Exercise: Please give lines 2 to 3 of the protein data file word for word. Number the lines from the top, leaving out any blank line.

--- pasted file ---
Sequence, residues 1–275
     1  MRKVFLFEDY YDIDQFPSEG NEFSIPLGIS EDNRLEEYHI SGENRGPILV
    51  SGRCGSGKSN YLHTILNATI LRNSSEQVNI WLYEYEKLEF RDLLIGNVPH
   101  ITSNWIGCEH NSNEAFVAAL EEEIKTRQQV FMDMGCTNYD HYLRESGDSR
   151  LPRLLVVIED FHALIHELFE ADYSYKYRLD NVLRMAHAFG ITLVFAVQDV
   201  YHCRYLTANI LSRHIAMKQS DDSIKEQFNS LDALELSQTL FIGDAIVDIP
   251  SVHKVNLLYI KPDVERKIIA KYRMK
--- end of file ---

     1  MRKVFLFEDY YDIDQFPSEG NEFSIPLGIS EDNRLEEYHI SGENRGPILV
    51  SGRCGSGKSN YLHTILNATI LRNSSEQVNI WLYEYEKLEF RDLLIGNVPH